... where Edmund Dantes lost his Mercedes
Marseille Travel Blog› entry 4 of 16 › view all entries
Coming into Marseille was quite a treat. One of my first few times on the French trains, I was deeply impressed by the timeliness, the level and the speed of service. The ride from Angouleme took about seven hours, via Toulouse, where a short stop-over gave me a chance to walk around that city.
Having arrived in Marseille, I almost instantly fell in love. The city feels so small, so cozy, with so many of its main attractions within a half-hour of walking of each other. Most of the city feels well preserved, although hectic traffic and a vast array of what seems to be the French idea of dollar-stores permeate the city with an unwelcome doze of dirty modernism.
Other than that, the city is almost perfect. The Old Port still has the feel of what it must have been like decades, if not centuries ago, especially early in the morning when the fish market opens and the fishermen just pull up to the side with an assortment of fresh fish. The fort and the palace at the mouth of the port look exceptionally fitting, well, in that grotesque-yet-appealing way. The Chapel/Basilic of the Notre-Dame-de-la-Garde towers over the entire city, from a hill that looks like it was built on a 80% incline (and yes, they walk, drive, and park as tightly as ever on the streets leading up to the chapel).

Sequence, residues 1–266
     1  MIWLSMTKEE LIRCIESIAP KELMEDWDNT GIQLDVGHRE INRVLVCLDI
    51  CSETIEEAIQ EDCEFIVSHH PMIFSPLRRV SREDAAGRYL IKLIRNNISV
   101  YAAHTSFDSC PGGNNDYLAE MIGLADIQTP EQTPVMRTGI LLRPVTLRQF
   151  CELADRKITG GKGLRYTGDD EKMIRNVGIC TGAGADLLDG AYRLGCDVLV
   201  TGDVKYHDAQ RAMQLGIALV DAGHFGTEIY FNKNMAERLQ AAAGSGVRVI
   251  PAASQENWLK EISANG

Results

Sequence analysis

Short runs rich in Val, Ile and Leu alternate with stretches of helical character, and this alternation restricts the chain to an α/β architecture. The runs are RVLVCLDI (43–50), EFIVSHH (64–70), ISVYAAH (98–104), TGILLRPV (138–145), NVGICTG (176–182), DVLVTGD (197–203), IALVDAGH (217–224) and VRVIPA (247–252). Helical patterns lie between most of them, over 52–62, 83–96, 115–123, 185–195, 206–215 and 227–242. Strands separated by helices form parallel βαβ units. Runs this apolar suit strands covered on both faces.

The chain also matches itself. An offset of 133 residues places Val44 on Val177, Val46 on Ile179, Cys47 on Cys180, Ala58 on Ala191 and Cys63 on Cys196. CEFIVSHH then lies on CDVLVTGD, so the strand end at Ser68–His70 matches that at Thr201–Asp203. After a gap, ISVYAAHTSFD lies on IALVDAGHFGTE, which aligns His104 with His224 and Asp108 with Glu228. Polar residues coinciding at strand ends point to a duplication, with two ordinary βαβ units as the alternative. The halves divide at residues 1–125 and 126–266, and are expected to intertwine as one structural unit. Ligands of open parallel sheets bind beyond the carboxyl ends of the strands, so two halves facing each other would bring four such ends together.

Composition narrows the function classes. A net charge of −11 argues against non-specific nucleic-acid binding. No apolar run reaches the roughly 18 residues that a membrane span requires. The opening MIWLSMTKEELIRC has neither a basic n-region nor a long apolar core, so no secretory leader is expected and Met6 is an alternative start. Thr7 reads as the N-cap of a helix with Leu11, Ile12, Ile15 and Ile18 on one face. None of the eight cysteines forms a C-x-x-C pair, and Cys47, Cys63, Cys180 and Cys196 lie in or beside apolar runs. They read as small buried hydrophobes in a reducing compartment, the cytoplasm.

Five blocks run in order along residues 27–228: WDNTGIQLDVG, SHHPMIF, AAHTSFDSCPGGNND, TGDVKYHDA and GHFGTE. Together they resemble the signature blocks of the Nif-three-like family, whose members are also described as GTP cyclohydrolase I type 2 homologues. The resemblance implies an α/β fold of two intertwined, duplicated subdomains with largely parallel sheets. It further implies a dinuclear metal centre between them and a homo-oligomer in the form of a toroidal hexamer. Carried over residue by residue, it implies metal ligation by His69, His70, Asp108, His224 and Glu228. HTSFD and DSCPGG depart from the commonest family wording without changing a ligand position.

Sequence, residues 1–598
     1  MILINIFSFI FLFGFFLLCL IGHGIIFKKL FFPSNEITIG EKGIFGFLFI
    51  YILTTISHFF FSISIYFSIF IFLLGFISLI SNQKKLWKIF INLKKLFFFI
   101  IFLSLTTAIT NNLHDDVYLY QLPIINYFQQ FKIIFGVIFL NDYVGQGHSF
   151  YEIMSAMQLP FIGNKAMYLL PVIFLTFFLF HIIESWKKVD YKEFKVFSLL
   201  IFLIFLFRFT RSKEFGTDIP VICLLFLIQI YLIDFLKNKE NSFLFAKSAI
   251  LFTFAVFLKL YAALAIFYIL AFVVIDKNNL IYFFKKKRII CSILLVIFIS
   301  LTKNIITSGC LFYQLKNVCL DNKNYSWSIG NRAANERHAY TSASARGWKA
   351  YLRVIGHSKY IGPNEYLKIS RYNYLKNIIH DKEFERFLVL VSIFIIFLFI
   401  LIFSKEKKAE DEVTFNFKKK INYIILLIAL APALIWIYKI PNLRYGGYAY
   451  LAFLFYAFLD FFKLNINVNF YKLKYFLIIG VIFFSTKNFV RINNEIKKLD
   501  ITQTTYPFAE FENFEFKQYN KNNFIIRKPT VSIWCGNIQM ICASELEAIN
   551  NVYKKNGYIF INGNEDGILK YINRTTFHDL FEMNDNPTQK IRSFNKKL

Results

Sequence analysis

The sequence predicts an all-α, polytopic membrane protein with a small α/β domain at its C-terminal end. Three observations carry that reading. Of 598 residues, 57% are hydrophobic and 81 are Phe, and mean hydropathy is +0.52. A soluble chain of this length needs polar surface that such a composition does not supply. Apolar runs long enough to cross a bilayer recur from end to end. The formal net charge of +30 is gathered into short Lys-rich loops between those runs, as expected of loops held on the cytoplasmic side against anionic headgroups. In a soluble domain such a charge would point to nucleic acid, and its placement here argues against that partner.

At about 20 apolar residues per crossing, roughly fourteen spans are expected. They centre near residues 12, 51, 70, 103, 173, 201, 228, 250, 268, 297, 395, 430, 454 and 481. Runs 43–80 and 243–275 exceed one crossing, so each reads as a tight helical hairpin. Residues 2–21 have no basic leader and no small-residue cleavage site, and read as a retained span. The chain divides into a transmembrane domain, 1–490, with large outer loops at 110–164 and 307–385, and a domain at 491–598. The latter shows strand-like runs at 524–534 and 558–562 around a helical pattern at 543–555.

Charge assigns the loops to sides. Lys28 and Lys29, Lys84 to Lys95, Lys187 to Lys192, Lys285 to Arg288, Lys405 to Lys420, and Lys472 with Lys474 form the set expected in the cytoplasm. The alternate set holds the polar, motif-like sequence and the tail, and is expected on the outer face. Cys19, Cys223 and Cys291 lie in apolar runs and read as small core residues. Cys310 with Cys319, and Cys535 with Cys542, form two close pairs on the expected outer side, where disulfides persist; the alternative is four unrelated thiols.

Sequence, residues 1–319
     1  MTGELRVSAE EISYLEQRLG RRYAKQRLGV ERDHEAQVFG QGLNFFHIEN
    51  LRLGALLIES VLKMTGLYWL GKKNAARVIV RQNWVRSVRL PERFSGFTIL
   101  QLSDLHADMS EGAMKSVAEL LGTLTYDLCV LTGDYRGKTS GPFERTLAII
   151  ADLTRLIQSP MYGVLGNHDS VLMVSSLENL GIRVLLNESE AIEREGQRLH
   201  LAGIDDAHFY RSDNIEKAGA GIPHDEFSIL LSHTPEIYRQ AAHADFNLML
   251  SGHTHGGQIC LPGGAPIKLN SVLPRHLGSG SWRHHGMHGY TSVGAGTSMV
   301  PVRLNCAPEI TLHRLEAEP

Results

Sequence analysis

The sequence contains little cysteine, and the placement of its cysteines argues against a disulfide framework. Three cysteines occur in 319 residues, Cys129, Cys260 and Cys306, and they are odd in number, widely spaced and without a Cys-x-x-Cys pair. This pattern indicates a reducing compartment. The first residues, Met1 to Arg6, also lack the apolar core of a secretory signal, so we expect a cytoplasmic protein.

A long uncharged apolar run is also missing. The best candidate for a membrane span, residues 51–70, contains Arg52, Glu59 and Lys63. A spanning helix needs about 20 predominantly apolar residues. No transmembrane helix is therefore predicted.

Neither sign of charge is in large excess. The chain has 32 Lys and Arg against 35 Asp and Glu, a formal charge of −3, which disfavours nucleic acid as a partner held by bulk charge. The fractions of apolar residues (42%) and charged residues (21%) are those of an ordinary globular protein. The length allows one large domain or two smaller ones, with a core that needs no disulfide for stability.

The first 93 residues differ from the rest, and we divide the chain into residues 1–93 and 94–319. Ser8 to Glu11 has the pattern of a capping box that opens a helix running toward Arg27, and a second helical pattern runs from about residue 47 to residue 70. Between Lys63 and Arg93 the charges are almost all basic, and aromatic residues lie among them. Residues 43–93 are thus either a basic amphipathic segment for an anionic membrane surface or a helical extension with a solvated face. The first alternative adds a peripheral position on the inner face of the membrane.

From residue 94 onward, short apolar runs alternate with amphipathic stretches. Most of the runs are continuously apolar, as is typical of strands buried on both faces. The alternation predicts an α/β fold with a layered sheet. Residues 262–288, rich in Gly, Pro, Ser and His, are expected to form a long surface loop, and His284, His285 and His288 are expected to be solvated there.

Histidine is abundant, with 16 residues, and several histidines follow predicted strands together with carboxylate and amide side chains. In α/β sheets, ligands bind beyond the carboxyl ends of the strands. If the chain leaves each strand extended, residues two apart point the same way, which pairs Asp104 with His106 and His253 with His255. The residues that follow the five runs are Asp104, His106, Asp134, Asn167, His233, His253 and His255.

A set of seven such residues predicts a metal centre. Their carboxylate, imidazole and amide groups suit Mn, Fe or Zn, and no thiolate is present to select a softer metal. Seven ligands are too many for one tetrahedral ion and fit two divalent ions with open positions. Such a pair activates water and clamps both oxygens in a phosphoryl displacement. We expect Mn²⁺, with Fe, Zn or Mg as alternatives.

To me, seeing Marseille was in some way a mean of reaching something fantastical.
All in all, an excellent voyage. I would happily go there again, sail a bit, climb the cliffs which surround Marseille from all sides, visit the surrounding areas. There's plenty to do and explore here and if you have the time - please, visit. Full image gallery from my trip to Marseille is here.